What do you get when you add hefty snowfall to the Polar Vortex and sprinkle in a bit of Bombogenisis on top? The fourth warmest January on record.


It’s been a good old fashioned winter here in Boston, complete with 2 degree nights, 21.8 inches of snow, and (hyperbole alert) 8,342 stories in the local press about whether you can use a lawn chair to save your parking space.

It's been cold elsewhere too. In Chicago, they averaged a positively chilly 15.7 degrees for the month of January, 8 degrees lower than average. Then there was that snow and ice storm in Atlanta that made the highways there look like a winter version of REM’s Everybody Hurts video.

But don’t be such a xenophobe. Outside the Eastern US, it’s been a different story.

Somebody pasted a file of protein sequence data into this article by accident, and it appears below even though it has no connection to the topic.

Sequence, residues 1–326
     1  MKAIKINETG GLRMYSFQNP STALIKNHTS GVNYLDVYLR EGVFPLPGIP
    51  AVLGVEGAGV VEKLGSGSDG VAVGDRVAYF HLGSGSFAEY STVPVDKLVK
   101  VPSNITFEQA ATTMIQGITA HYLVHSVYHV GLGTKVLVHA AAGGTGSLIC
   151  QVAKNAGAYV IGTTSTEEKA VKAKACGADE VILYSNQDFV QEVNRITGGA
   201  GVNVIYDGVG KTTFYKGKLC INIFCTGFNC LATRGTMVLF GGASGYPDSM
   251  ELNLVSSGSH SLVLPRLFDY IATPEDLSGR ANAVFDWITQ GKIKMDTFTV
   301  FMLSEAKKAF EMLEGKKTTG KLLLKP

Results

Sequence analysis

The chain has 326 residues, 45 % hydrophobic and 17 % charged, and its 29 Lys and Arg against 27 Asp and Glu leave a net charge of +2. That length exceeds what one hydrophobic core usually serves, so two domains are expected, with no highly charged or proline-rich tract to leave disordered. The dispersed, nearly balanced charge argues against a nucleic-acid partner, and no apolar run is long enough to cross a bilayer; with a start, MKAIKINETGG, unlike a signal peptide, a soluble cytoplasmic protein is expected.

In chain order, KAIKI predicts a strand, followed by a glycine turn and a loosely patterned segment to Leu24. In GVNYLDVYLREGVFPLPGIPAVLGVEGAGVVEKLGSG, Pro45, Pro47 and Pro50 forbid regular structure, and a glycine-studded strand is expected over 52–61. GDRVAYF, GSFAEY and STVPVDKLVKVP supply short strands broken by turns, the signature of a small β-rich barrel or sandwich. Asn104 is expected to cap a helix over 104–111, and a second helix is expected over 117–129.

The National Oceanic and Atmospheric Administration (NOAA), which keeps track of temperatures all over the world -- by land and by sea -- has just finished crunching the numbers for January 2014. Turns out, it was positively balmy:

During January 2014, most of the world's land areas experienced warmer-than-average temperatures, with the most notable departures from the 1981–2010 average across Alaska, western Canada, Greenland, Mongolia, southern Russia, and northern China.

The average global land temperature was the highest since 2007 and the fourth highest on record for January. Over the oceans, temps were highest since 2010 and seventh highest on record for January. Combined, it adds up the warmest January since 2007 and the fourth warmest on record.

You can check out NOAA’s website for more detailed analysis than you can shake a stick at, but here are a few highlights:

It's a big world out there (about 196.6 million square miles to be exact) and as these and many other numbers suggest, despite our chilly winter, it's getting warmer.